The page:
E.g. “The doctor advised my brother to avoid strenuous exercise.”

  • Operose: involving or displaying much industry or effort.

E.g. “The expanding process of my company is too slow and operose.”

  • Grueling: extremely tiring and demanding.

E.g. “The freshmen were put through a week of grueling endurance tests.”

  • Laboriuos: requiring considerable effort and time (especislly of a task, process, or journey).

E.g. “Collecting the experiment materials is a long and laborious task.”

Compiled and written by @sherlydarmali for @EnglishTips4U on Sunday, April 28, 2019.

#EngVocab: Other Ways to Say ‘Afraid’

Today we will learn about other ways to say ‘afraid’
Do you know other words to say it?

Let’s start.

  • Aghast: struck with overwhelming shock; filled with sudden fright or horror.

E.g. “The police stood aghast at the terrible sight.”

  • Petrified: extremely frightened that one is unable to move.

E.g. “The idea of talking in public petrified him.”

  • Frantic: wild or distraught with fear, anxiety, or extreme emotion.

E.g. “He was quite frantic by the time we got home.”

  • Timorous: full of fear.

E.g. “The victim talked with a timorous voice.”

  • Edgy: tense, nervous, or irritable.

E.g. “I am feeling edgy about the exam tomorrow.”

Compiled and written by @sherlydarmali for @EnglishTips4U on Sunday, March 31, 2019.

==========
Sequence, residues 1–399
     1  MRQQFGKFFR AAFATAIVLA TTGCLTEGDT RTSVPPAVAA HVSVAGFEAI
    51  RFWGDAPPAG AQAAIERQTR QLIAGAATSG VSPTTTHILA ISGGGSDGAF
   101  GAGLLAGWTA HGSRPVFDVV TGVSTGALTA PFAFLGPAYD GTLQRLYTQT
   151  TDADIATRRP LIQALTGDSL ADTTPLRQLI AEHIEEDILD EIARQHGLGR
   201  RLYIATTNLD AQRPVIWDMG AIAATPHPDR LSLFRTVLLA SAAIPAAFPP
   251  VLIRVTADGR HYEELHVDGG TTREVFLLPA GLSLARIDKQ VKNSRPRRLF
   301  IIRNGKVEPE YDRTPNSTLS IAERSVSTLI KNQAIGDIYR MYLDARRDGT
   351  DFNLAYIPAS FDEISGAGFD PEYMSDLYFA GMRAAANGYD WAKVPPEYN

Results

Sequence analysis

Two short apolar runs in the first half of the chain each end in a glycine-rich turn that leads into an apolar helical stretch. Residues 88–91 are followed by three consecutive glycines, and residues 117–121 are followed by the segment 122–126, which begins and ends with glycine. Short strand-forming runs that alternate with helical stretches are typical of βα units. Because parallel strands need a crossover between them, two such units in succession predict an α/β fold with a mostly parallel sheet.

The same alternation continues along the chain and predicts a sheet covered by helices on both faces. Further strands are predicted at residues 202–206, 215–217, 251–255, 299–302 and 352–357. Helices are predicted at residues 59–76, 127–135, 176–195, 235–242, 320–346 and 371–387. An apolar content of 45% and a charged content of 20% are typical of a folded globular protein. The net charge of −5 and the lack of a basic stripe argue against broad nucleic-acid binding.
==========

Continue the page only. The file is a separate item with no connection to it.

#WOTD: Morose

Today we will learn about the word ‘morose’.
#WOTD

Do you know the meaning of ‘morose’?
#WOTD

‘Morose’ is an adjective.
‘Morose’ is pronounced as /məˈrōs/.
#WOTD

‘Morose’ means sullen and ill-tempered.
#WOTD

Some synonyms of ‘morose’:
1. Dour.
2. Surly.
3. Somber.
4. Unhappy.
5. Fed up.
#WOTD

Examples of ‘morose’ in sentences:
“Why are you so morose these days?”
#WOTD

Examples of ‘morose’ in sentences:
“He was silent and morose since the tragedy happened.”
#WOTD

Compiled and written by @sherlydarmali for @EnglishTips4U on Sunday, March 17, 2019.

#EngVocab: Other Ways to Say ‘Like’

Do you know other ways to say ‘like’?
Today we will learn about other words to say ‘like’.

Let’s start.

  • Relish: to like or enjoy something.

E.g. “I relish the challenge of doing jobs that others turn down.”

  • Keen: to be eager, excited or interested in something.

E.g. “She’s very keen to learn about Japanese culture.”

  • Fond: having an affection or liking for.

E.g. “My family are all fond of going to the cinema.”

  • Applaud: show strong approval of (a person or action).

E.g. “We applaud the family’s decision to remain silent over the issue.”

  • Esteem: respect and admiration, typically for a person.

E.g. “I esteem your uncle for his kindness.”

  • Fancy: to like or want something.

E.g. “Do you fancy going out for lunch at the restaurant?”

Compiled and written by @sherlydarmali for @EnglishTips4U on Sunday, March 2, 2019.

#WOTD: Brusque

Today we will learn about ‘brusque’.
Do you know the meaning of the word ‘brusque’?

‘Brusque’ is an adjective.
‘Brusque’ is pronounced as /brəsk/.
#WOTD

‘Brusque’ means short and abrupt in manner or speech.
#WOTD

Some synonims of ‘brusque’:
1. Curt.
2. Gruff.
3. Blunt.
4. Outspoken.
5. Harsh.
#WOTD

Examples of ‘brusque’ in sentences:
“His secretary was quite brusque with me.”
#WOTD

Examples of ‘brusque’ in sentences:
“The doctor spoke in a brusque tone.”
#WOTD

Compiled and written by @sherlydarmali for @EnglishTips4U on Sunday, February 17, 2019.